The Botanic Gardens of Belfast opened in 1828 as the private Royal Belfast Botanical Gardens. It continued as a private park for many years, only opening to members of the public on Sundays prior to 1895. Then it became a public park in 1895 when the Belfast Corporation bought the gardens from the Belfast Botanical and Horticultural Society.
Occupying 28 acres (110,000 m2) of south Belfast, the gardens are popular with office workers, students and tourists. The gardens' most notable feature is the Palm House conservatory. It was completed in 1840. It is one of the earliest examples of a curvilinear cast iron glasshouses in the world. The Palm House consists of two wings, the cool wing and the tropical wing. Lanyon altered his original plans to increase the height of the latter wing's dome, allowing for much taller plants. In the past these have included an 11 metre tall globe spear lily. The lily, which is native to Australia, finally bloomed in 2005 after a 23-year wait. The Palm House also features a 400-year-old Xanthorrhoea.References:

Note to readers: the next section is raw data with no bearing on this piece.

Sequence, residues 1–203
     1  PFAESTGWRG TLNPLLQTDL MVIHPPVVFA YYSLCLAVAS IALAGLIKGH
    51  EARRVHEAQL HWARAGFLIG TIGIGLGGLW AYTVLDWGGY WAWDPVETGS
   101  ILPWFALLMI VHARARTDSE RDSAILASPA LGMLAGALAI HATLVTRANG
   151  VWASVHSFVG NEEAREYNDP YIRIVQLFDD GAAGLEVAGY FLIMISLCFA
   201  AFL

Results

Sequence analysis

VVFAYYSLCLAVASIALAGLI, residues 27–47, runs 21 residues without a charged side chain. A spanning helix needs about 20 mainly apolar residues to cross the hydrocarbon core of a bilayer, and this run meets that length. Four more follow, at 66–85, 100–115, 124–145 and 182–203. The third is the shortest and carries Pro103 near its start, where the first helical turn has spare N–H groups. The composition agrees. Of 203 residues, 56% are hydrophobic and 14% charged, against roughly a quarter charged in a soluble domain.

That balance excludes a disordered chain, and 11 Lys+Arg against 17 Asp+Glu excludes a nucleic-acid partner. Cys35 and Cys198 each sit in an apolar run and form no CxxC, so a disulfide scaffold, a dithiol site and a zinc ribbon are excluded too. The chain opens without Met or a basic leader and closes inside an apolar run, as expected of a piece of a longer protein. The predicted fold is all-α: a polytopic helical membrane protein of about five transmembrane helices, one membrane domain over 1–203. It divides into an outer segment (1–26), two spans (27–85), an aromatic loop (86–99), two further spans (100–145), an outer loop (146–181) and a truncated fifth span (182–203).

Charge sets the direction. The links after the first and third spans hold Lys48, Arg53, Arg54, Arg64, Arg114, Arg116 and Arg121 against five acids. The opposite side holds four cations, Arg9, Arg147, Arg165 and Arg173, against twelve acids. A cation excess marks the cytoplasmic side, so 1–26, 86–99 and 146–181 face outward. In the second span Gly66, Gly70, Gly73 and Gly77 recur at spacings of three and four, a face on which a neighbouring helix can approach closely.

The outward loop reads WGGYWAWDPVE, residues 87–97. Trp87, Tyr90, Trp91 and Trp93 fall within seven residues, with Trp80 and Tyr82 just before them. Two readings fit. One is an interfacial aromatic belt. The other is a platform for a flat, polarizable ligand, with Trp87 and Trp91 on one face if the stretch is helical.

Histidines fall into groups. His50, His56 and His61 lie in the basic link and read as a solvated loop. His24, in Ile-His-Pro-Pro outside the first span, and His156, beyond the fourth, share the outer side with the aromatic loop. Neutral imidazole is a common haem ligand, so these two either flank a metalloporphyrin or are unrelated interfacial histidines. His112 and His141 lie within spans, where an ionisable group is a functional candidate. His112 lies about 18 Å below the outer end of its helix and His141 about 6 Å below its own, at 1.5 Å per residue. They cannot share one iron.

Narikala is an ancient fortress overlooking Tbilisi, the capital of Georgia, and the Kura River. The fortress consists of two walled sections on a steep hill between the sulphur baths and the botanical gardens of Tbilisi. On the lower court there is the recently restored St Nicholas church. Newly built in 1996–1997, it replaces the original 13th-century church that was destroyed in a fire. The new church is of 'prescribed cross' type, having doors on three sides. The internal part of the church is decorated with the frescos showing scenes both from the Bible and history of Georgia.
The fortress was established in the 4th century and it was a Persian citadel. It was considerably expanded by the Umayyads in the 7th century and later, by king David the Builder (1089–1125). Most of extant fortifications date from the 16th and 17th centuries. In 1827, parts of the fortress were damaged by an earthquake and demolished.